Hyaluronic Acid (Glycoaminoglycan) can be found throughout the body as part of the supporting structure in extracellular spaces. Hyaluronic Acid is a polysaccharide chaing of repeating disaccharide units. It is found most abundantly in cartilage, synovial fluid, skin, and the aqueous humor in the eye. The disaccharide chain consists of sodium acetyl glucosamine and sodium glucuronate. Hyaluronic Acid is obtained from rooster combs and from bacterial fermentation. The viscosity of hyaluronic acid increases as the concentration, molecular weight, and polysaccharide chain length increase.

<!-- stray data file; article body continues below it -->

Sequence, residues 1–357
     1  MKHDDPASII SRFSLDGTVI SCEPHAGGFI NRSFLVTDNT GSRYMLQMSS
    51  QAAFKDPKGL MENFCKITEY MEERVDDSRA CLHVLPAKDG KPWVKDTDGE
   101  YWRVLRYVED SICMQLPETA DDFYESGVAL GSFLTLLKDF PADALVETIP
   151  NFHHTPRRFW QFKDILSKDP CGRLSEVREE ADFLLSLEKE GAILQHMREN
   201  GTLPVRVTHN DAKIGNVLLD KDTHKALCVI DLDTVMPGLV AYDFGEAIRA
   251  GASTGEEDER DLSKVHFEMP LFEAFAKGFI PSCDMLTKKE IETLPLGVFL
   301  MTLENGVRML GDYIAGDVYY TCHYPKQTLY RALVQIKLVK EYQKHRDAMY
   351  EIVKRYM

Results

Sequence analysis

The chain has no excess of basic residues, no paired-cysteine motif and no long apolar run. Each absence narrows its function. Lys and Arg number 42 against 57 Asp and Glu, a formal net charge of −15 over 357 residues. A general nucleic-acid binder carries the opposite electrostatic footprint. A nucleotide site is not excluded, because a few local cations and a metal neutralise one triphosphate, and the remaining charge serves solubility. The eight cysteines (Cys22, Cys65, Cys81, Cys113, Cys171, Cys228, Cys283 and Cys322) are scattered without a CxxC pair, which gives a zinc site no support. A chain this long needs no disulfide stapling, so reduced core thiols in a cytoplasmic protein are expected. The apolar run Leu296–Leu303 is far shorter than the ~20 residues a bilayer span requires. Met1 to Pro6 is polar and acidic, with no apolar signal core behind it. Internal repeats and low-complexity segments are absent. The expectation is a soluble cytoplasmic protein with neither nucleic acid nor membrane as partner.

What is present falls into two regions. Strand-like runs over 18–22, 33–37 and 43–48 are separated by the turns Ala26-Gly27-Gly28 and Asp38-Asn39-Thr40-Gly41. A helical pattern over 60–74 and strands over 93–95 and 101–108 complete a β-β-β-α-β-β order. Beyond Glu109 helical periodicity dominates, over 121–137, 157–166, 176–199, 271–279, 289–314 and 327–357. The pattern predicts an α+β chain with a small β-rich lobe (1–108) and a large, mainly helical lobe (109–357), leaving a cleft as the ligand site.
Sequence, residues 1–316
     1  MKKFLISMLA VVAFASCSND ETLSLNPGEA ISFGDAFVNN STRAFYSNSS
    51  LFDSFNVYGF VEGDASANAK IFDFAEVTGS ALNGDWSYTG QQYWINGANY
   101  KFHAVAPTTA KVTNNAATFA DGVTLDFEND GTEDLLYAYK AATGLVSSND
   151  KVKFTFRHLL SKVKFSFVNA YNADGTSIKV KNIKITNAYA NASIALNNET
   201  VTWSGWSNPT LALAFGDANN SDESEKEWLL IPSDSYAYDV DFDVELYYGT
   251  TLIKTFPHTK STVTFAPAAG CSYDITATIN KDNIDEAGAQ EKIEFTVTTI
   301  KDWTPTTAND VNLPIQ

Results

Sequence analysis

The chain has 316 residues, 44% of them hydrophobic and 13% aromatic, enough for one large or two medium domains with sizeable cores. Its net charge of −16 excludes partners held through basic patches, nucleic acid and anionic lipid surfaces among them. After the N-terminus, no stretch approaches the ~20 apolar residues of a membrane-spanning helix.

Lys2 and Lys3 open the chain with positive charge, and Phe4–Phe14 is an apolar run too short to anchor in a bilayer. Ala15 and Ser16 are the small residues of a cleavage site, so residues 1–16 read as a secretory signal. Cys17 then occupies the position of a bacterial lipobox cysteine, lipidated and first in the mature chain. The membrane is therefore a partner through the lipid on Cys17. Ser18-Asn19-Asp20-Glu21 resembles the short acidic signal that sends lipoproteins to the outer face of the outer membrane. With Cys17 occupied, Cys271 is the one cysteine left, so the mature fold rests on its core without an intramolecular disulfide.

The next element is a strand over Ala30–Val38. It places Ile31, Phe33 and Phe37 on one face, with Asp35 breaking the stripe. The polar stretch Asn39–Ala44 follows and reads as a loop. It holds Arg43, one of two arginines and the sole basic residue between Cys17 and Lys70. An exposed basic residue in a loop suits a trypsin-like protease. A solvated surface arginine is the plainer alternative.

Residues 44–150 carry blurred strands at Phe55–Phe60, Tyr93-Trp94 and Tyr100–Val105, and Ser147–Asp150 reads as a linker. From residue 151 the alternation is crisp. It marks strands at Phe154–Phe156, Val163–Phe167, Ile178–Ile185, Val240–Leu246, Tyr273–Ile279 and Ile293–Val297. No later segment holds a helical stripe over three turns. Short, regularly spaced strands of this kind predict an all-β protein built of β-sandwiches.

Hyaluronic Acid is useful for physical lubricating and cushioning. In addition, hyaluronic acid may contribute to antioxidant activity and modulate the immune system. It can be used topically as well for wounds, burns, ulcers, and moisturizing the skin. Orally, hyaluronic acid is most often used for joint disorders and preventing the effects of aging. Hyaluronic Acid can also be injected.
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